Are you a practicing RN who wants to take your career to the next level and challenge yourself in new ways? The health sector is one of the fastest growing industries at the moment, and as the Baby Boomer generation continues to retire from the workforce, age, and require more hands-on care, the demand for healthcare professionals is only expected to grow. This means you’ve likely got an impressive array of career opportunities before you, especially if you are willing to pursue higher education.
One very attractive option for nurses is to pursue a doctoral degree. The Doctor of Nursing Practice or DNP degree is growing in popularity, and for good reason. Holding this degree will open a huge number of paths, all of which can be very exciting and rewarding. Here’s a look at six promising career paths for those who choose to pursue a DNP.
‘What can you do with a DNP?’ is probably one of the most common questions asked by those looking to progress in the medical field. Perhaps the most obvious career option to pursue with a DNP is that of nurse practitioner. The demand for NPs is growing across the entire country, so you really can’t go wrong with this career path. Some of the states that are showing the most growth for NPs include New York, Florida, Texas, California, Ohio, Pennsylvania and Georgia – which also happen to be some of the most populous states.
The healthcare industry is working hard to adapt to the growing pressures it is under, and people are learning just how valuable nurse practitioners can be, filling a gap that is growing at the moment.
According to the U.S. Bureau of Labor Statistics, nurse practitioners, nurse midwives and nurse anesthetists are expected to grow by an incredible 40% during 2021-2031. The average pay is $123,780 which puts it at the higher end in the healthcare industry.
So, where can you expect to work as a nurse practitioner? They can be found in many settings such as clinics, physician’s offices, hospitals and more. You can also expect to work full-time hours and there is the possibility of shift work depending on the setting.
As an NP you will be providing primary care services in the areas of pediatric health, family health, acute care, gerontology and more. You will be able to assess, diagnose, order and interpret tests, work in conjunction with other medical professionals and prescribe medication.
Also lumped into the group with nurse practitioners in terms of rapid and massive job growth are nurse midwives. Your DNP will serve you well in this career path, providing you with the knowledge and training you need to provide care to women. Nurse midwives work with women from adolescence to menopause, and can play a pivotal role during prenatal care, childbirth and aftercare.
Many people in the healthcare industry have been calling for more nurse midwives, believing it can help lessen the load on the healthcare industry and improve patient health outcomes for moms and babies. Watch for this particular area to gain more traction, become more mainstream and continue to grow in terms of jobs.
Clinical Nurse Specialist
Here is an advanced role that is perfect for those who want to work directly with patients and also leave their mark on the healthcare industry, helping to mold it and change it for the better. As a clinical nurse specialist, you may act as an expert consultant for nurses, provide hands-on patient care, and work to improve the healthcare delivery model.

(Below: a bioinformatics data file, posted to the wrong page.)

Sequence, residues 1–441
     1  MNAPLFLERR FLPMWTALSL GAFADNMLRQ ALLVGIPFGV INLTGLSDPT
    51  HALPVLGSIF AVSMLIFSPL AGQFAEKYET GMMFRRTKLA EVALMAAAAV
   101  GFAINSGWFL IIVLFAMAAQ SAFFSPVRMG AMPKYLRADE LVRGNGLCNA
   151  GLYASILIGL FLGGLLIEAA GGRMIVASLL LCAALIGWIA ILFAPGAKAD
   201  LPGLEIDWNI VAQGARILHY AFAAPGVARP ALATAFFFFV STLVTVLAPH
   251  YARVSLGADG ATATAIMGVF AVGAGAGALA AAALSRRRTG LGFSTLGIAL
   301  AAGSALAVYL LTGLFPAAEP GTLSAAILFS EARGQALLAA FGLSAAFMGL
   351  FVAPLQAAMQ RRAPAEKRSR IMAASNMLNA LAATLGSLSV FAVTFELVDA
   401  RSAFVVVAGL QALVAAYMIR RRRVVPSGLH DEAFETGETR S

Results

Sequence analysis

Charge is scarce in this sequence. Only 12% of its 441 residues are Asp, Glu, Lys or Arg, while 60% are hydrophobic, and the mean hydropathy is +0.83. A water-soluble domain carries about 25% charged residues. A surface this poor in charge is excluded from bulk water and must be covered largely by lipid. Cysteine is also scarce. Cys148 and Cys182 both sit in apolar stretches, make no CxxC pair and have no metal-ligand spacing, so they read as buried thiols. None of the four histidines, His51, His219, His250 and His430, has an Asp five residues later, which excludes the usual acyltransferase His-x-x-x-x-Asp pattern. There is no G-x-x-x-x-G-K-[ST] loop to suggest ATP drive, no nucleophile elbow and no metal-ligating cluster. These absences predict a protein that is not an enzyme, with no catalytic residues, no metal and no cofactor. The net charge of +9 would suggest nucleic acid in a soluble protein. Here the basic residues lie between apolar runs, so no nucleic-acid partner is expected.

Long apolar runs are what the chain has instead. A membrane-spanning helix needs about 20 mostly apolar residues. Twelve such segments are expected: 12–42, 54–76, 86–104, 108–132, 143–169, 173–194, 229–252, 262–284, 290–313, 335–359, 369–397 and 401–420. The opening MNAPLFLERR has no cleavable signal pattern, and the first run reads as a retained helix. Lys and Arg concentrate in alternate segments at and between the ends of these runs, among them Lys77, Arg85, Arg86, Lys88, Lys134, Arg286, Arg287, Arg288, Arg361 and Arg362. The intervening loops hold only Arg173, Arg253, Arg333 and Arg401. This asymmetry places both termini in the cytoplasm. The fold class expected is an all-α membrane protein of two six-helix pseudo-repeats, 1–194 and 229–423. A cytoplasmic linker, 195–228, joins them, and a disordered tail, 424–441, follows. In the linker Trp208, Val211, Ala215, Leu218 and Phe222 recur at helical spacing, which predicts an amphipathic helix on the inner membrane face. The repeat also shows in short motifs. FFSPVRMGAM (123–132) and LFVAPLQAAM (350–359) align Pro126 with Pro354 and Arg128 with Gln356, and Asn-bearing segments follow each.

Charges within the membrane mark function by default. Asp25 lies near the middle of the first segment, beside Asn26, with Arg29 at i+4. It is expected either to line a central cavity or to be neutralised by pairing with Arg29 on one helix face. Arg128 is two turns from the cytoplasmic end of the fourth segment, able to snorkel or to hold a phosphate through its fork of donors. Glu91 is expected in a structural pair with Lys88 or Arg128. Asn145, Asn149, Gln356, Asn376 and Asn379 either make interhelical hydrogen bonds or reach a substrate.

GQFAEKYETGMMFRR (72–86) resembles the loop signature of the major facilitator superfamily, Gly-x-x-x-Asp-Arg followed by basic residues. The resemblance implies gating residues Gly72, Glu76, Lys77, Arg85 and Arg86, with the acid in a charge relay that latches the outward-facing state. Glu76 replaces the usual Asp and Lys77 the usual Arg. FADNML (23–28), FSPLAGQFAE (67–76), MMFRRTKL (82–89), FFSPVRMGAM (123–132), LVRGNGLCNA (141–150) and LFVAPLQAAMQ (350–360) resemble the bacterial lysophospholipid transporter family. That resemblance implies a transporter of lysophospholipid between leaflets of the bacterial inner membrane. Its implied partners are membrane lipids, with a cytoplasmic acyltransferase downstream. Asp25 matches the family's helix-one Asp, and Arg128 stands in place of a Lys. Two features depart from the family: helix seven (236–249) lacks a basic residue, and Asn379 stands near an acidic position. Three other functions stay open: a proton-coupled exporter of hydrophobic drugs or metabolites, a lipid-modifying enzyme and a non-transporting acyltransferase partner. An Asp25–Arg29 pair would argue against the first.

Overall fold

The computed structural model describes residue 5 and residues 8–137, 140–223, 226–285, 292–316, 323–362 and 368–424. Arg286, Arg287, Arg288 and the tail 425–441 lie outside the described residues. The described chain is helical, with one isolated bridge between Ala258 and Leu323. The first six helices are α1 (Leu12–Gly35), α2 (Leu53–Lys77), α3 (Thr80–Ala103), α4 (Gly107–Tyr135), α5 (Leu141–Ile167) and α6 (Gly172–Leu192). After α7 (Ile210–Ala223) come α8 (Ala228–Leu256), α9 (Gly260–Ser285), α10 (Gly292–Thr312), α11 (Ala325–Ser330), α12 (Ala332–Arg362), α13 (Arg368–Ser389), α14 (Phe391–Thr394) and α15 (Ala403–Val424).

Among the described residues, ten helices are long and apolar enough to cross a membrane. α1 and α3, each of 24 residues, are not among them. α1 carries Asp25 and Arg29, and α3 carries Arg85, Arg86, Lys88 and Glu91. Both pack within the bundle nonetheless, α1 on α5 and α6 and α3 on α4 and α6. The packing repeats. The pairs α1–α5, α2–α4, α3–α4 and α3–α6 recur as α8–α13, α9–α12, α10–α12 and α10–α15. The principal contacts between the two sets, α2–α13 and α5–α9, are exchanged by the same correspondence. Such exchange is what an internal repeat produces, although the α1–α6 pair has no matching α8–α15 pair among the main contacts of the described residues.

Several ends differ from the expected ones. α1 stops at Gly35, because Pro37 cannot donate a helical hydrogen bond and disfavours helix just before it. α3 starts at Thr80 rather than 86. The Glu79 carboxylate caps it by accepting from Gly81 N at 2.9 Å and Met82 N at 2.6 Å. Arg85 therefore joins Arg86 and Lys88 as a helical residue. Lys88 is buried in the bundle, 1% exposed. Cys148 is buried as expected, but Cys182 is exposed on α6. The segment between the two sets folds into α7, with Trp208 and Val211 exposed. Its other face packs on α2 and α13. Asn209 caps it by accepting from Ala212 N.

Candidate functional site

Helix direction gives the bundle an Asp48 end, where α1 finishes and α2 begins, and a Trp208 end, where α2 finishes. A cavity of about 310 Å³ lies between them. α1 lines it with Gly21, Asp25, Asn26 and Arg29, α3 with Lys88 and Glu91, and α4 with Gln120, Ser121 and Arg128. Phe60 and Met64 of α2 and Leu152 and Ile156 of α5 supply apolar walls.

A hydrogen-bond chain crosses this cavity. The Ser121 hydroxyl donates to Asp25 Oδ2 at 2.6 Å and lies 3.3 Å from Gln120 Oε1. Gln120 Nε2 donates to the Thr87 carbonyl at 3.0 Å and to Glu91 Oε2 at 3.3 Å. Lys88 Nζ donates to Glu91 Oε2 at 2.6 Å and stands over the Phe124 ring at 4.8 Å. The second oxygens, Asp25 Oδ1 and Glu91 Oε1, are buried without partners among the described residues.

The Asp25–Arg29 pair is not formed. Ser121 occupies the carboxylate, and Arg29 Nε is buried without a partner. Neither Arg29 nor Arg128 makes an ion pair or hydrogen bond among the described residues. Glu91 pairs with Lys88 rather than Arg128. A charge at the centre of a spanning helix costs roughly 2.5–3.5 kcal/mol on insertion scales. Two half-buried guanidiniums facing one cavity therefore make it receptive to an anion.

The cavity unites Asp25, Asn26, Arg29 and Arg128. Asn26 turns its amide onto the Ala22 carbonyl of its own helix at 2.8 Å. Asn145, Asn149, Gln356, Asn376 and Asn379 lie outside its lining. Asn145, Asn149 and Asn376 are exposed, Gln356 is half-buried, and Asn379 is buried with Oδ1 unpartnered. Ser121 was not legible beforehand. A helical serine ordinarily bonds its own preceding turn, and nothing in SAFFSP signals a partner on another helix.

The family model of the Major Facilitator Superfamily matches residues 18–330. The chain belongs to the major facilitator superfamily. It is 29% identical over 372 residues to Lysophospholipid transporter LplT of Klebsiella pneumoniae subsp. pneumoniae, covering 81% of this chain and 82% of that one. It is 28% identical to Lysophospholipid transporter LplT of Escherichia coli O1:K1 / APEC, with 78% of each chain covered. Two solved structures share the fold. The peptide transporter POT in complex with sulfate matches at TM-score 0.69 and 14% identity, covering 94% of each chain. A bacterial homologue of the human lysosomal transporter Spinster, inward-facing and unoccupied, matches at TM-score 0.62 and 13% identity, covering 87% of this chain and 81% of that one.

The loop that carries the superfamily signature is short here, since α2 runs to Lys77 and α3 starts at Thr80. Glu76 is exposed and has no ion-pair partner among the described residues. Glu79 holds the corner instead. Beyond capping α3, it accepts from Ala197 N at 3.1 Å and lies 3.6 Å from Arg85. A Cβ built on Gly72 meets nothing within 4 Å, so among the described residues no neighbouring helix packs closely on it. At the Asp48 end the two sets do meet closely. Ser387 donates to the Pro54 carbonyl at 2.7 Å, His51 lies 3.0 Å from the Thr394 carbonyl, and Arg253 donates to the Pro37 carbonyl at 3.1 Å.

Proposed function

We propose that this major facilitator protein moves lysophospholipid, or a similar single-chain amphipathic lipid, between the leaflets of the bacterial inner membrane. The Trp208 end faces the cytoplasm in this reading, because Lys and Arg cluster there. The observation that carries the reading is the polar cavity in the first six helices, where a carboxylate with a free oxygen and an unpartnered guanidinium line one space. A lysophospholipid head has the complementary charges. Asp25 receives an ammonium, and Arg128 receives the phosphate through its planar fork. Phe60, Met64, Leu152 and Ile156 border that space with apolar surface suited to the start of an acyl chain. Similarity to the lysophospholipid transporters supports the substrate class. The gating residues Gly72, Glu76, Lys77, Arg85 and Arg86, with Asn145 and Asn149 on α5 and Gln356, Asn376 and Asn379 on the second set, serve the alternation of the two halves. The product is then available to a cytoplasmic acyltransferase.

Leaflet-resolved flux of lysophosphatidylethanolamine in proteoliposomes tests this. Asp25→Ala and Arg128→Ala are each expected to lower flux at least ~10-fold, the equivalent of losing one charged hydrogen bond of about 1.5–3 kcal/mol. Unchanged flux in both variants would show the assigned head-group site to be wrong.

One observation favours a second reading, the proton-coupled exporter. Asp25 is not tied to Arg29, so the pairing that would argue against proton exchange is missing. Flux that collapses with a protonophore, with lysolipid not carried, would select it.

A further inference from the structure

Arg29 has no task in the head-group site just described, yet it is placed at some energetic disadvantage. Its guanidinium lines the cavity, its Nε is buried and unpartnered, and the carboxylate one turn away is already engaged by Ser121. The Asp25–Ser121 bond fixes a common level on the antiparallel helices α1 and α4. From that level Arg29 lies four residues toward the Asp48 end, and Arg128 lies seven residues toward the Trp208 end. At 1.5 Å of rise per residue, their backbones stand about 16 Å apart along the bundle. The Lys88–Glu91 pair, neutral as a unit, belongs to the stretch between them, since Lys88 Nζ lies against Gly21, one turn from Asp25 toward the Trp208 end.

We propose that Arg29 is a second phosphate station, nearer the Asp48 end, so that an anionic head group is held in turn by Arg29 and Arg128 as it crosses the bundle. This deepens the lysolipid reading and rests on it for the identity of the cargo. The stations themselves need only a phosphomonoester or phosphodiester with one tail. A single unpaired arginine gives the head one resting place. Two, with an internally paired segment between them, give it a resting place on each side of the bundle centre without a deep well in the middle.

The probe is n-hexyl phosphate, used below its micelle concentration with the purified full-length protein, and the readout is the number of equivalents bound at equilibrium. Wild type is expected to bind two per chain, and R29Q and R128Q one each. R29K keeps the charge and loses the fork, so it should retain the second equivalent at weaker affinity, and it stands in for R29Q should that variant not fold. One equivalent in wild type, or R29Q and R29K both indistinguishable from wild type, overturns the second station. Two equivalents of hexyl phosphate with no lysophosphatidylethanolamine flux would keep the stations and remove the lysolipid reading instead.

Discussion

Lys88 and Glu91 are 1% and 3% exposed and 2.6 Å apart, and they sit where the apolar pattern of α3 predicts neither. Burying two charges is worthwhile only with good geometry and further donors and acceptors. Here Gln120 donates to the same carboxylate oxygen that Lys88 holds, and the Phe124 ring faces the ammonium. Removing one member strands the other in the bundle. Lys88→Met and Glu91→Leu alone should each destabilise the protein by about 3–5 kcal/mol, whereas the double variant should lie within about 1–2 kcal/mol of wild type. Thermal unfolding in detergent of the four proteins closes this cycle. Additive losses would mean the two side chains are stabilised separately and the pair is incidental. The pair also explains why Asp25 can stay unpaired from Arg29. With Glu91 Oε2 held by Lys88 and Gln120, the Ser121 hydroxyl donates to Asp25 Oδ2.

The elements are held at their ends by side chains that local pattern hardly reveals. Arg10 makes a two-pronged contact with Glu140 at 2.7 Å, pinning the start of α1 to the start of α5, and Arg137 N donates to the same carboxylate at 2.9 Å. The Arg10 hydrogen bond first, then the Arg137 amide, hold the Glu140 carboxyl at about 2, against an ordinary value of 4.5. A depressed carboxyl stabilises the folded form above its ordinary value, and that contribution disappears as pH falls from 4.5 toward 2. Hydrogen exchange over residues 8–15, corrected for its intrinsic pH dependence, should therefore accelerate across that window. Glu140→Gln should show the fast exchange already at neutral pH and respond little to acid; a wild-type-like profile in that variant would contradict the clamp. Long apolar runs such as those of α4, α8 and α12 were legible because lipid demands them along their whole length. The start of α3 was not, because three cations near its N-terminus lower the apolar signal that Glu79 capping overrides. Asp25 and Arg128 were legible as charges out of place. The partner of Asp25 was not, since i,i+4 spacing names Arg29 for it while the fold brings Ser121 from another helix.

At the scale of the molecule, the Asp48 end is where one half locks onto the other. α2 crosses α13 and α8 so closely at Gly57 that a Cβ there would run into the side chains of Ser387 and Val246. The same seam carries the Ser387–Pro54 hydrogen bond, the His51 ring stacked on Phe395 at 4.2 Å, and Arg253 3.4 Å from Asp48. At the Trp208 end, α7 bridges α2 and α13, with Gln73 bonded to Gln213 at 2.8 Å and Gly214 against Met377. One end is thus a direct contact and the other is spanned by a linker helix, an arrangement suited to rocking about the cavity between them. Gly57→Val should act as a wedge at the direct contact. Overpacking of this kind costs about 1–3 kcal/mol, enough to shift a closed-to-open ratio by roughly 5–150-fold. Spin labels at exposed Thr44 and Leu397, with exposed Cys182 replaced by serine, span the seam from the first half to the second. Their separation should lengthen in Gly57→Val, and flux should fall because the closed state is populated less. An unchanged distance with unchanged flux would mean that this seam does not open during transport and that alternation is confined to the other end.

If you’re not interested in providing direct patient care, you have the option of working in a management position which is more of an administrative role. It will be up to you to create procedures, systems and processes that improve patient outcomes and ensure the flow of the healthcare setting.
Public Health Nurse
Not every nurse has to work in an emergency room, urgent care or clinic, which brings us to public health nurses. Your DNP will position you well for this very important role, which has been brought into the spotlight thanks to the pandemic.
In this role, you will provide health care services to at-risk and vulnerable populations of the public. Typically, these are people that have limited access to nurses and healthcare professionals. You’ll work on education, prevention, advocacy and more. It can be a very challenging yet highly rewarding job as it often requires a fair amount of activism.
For those who like more of the administrative side of things, this is another area that is experiencing high levels of job growth. As a nurse administrator, this is also a management position as you’ll be supervising health care workers and nurses. It will also fall under your umbrella of responsibility to recruit, hire, and train people, which can be a very intense operation.
With so many states having a nurse and healthcare worker shortage right now, nurse administrators are playing a vital role in helping to fill job vacancies.
Also in the category of administrative and management is a nurse educator. As the job title suggests, you will be training and educating nurses. This means you’re not working with patients directly, rather you are training the next generation of nurses to get out there and offer exceptional care. So, you will be shaping the future in a big way.
Nurse educators aren’t growing at the same speed and breadth as some of the other careers mentioned, but there are still job opportunities in the career path. The median wage for a nurse educator is $77,440 according to the US BLS.
As for what you will be teaching, it’s usually a combination of the best practices, patient care methods and clinical skills. It’s also common to find nurse educators in the research side of things, teaching hospital research, for example.
The good news is that, by pursuing your DNP, you will be opening up all kinds of higher-level career paths, with many leading to management positions. It’s a great way to ensure your career in the healthcare industry stays rewarding and exciting.